For those who record minutes during meetings, the entire procedure entails completing advance planning, developing a template and terminology, taking notes during the meeting, clarifying any questions with the chair, and writing up the final minutes. Even if you are a competent minute taker, by the time you reach the final full stop, you are no longer the best candidate to analyze the minutes.
An editor is required
Organizations frequently ignore the requirement for an editor. This occasionally turns out well. Minutes that are wrong, too short, too long, poorly phrased, or contradictory with previous minutes for that series of meetings can occasionally elude being detected and altered. When poor meeting minutes are distributed, the chair or other meeting attendees may be forced to waste valuable time editing and rewriting the minute taker’s work. Even worse, it may cause misunderstandings regarding the meeting’s events or action items, which would completely invalidate the minutes-taking process.
But an astute editor can prevent these issues. Editors collaborate with free meeting minutes app to provide input that will help them improve both a specific set of meeting minutes and their overall minute taking work. Minute takers and their audience are separated by editors.
Choose a free meeting minutes app who has a strong writing style and attention to detail. There is only one more requirement for the editor: time. Within 24 hours of receiving the meeting minutes from the minute taker, the editor must be able to thoroughly evaluate them in order to provide useful criticism. Minute takers find it increasingly challenging to make changes as time goes on.
Each meeting worth having will probably result in contentious conversations. That’s because a productive meeting involves more than merely giving reports or endorsing choices that have already been made elsewhere. Those who have a lot to say and fascinating ideas are brought together in a productive meeting. This implies that discussions might occasionally become controversial or even heated.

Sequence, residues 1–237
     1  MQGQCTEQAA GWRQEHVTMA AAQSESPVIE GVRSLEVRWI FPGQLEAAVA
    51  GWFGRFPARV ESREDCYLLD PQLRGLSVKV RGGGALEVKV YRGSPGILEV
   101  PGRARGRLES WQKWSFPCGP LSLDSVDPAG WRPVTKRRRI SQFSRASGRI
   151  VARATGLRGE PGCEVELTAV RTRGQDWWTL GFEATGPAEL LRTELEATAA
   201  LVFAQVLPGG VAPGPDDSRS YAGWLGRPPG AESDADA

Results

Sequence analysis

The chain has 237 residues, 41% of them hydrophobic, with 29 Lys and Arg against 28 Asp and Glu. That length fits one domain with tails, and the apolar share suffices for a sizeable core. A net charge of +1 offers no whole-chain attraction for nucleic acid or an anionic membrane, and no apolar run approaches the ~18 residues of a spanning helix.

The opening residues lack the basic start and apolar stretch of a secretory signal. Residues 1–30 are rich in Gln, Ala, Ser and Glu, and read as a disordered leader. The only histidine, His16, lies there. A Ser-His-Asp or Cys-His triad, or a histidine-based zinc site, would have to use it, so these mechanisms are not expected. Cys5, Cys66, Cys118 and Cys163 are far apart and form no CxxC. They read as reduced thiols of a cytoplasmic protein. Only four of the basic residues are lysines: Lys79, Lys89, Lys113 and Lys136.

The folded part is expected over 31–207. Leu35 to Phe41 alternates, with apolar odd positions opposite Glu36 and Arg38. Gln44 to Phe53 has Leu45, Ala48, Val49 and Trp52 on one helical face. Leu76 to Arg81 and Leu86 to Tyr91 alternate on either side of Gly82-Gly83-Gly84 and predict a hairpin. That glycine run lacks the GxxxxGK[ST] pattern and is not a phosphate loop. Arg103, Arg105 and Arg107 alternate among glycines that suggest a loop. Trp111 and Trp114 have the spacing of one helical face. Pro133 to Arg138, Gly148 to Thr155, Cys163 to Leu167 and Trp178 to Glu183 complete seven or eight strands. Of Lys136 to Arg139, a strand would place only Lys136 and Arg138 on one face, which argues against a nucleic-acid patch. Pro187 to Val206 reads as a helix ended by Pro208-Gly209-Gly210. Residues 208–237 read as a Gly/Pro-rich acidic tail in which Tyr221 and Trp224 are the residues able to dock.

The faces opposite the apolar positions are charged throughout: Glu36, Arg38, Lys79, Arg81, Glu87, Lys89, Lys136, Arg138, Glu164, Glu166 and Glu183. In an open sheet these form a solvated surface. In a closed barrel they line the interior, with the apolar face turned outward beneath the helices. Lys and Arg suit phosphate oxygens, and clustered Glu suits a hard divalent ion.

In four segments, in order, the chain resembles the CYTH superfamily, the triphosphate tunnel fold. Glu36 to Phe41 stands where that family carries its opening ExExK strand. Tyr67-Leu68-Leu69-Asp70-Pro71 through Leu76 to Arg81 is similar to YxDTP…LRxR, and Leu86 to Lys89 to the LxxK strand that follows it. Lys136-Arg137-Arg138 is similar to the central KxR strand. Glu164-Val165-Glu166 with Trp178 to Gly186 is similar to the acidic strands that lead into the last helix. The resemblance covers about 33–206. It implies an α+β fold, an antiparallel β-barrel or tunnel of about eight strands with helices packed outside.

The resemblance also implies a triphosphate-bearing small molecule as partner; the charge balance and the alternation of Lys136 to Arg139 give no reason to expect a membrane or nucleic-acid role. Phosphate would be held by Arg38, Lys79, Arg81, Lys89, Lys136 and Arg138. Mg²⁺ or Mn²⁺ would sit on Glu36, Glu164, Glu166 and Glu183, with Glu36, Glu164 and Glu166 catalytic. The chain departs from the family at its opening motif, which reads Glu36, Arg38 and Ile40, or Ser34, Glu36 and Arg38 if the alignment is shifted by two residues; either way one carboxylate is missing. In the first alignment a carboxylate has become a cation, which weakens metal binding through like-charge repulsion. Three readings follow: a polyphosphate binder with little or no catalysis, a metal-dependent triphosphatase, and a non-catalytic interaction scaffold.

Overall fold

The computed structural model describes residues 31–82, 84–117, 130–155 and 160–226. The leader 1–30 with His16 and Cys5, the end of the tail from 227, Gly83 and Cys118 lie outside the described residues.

It is even more crucial to take minutes in a neutral, objective manner when there is disagreement. The meeting’s emotions must be sliced through by the knife of the minute taker’s record. After the meeting, everyone can sit down and, with a clearer brain, analyze what was actually spoken by all parties. Thus, be careful not to express your bias in the meeting or in your minutes.
Organizations occasionally make the error of requesting a committee member to take a few notes. Seldom is this the only option, and it’s never the best.
Practically speaking, the minute taker shouldn’t take part in the discussion. Mention that the person taking notes is attempting to participate in the conversation. How simple is it to record your own conversation in detail? Is it possible to talk and write at the same time? Can you accurately record everything someone else says when you’re attempting to pick what to say next?
The minute taker must be perceived by the other participants as being objective, which is perhaps even more crucial. The individual taking minutes must to be impartial regarding the meeting’s outcome. Participants in a difficult meeting may feel the need to carefully review the minutes for indications of bias if you took sides during the discussion. Occasionally they may even protest to the minutes on the grounds that you can’t be trusted to generate an objective set of meeting minutes, no matter how accurate you have attempted to be since you have spoken in favor of one side or another.
The editor should review the minutes in light of the following queries:
- Are the minutes of the meeting readable and clear?
- Are they logical?
Contrary to popular belief, the editor is not required to have been present at the meeting. In many cases, it is really preferable if the individual amending the meeting minutes was not there. The minute taker may be given the benefit of the doubt by someone who was there at the meeting (“This isn’t entirely clear, but I understand what you mean”). The minutes will be reviewed from a new perspective by someone who wasn’t present. You are well on your way to taking effective minutes if your minutes make sense to a reader from the outside.